Sunday, June 23, 2019

The Good Son - A Story from the First World War Told in Miniature by Pierre-Jacques Ober & illustrated by Jules Ober and Felicity Coonan

Candlewick Studio
Hardcover ISBN: 9781536204827
104 pages/Ages 14 and up

My thoughts:  This is a beautifully executed book using the photographic imagery of miniature figures to depict the scenes of war - battles, marching groups of soldiers - from the story that is being told. The time is 1914 at Christmastime and the setting is France.

These scenes evoke the scale and scope of war. The large groups of men involved. The battles and the destruction caused from them. The soldier didn't anticipate the reality of the bloody war he later experienced. It haunted him.

The conflicted mind and emotions of a soldier have him in a situation of desertion at time of war. The question in my mind is "Did he actually leave without permission resulting in desertion?" or "Did he not return in the prescribed amount of time allotted?" or "Was it simply a misunderstanding?" Each answer evokes a different thought process and emotional impact as to the story.

Is this a children's book? I don't think so. It is intended for the age 14 middle-school age child and upwards, and it could readily give opportunity to discuss the realities of war; but I think this discussion more suited for the upper limit of the intended audience plus a few years. The pictures do depict the impact of war on individuals in the civilian as well as military community.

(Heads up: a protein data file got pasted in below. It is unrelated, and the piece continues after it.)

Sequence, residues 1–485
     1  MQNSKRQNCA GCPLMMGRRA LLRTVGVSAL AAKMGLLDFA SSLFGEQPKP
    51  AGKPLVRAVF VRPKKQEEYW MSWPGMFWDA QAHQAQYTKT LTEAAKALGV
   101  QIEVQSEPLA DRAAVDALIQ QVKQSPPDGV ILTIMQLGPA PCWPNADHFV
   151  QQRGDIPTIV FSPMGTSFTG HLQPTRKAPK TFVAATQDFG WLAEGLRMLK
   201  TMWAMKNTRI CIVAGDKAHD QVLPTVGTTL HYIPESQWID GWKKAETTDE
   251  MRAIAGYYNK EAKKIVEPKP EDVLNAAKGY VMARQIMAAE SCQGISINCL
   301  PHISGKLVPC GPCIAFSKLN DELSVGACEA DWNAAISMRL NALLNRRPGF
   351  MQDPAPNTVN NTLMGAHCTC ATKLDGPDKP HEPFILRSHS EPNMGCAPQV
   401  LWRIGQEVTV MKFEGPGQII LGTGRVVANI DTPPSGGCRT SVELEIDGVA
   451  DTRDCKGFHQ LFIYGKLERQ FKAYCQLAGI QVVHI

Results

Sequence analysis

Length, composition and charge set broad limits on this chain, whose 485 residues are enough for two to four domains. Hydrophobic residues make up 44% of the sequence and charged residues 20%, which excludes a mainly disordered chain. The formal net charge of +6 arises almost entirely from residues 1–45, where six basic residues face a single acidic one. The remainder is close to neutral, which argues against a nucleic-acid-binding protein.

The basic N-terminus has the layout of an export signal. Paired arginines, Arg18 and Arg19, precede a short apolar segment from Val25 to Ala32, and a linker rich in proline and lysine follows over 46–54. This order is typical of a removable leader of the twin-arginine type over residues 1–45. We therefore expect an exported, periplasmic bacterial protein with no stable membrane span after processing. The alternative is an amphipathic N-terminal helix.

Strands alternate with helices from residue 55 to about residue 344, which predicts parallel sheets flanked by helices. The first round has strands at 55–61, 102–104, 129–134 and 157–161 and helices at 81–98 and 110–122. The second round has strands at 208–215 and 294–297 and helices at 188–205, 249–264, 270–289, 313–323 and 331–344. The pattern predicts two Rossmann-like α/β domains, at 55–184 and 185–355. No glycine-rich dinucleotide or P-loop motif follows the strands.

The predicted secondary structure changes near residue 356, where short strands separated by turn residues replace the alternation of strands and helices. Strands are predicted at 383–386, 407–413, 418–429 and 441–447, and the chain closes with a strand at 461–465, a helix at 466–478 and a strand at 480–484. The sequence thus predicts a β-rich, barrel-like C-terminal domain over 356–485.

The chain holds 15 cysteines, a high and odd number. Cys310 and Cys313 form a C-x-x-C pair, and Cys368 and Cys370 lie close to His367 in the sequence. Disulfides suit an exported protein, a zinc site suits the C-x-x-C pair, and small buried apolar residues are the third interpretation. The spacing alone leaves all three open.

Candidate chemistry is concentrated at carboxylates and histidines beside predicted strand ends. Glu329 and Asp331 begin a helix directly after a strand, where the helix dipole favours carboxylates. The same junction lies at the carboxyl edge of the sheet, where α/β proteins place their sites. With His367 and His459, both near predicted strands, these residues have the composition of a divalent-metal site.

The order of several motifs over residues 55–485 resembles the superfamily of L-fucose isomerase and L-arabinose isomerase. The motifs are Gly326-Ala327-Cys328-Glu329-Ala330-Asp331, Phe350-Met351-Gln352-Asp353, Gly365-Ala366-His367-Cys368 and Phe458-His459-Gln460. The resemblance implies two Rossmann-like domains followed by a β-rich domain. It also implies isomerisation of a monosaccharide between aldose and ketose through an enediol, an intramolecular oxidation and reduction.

I enjoyed the artistry of staging the miniatures and the photography. The backstory of the photographic production of this book is fabulous and shows the intricacies of this type of work so beautifully executed. 

I liked the desire of the soldier to be with family. I disliked the imprisonment and promise of execution - whether by error or truly justified. For a children's book this is a bit much - even the intended audience.

About the book: It is Christmastime, 1914, and World War I rages. A young French soldier named Pierre had quietly left his regiment to visit his family for two days, and when he returned, he was imprisoned. Now he faces execution for desertion, and as he waits in isolation, he meditates on big questions: the nature of patriotism, the horrors of war, the joys of friendship, the love of family, and how even in times of danger, there is a whole world inside every one of us. And how sometimes that world is the only refuge. Its publication coinciding with the centennial of the signing of the Treaty of Versailles, this moving and sparely narrated story, based on true events, is reenacted in fascinating miniature scenes that convey the emotional complexity of the tale. Notes from the creators explore the innovative process and their personal connection to the story. (Find the book at Candlewick)

DISCLOSURE: I received a complimentary copy to facilitate this review. Opinions are mine, alone and are freely given

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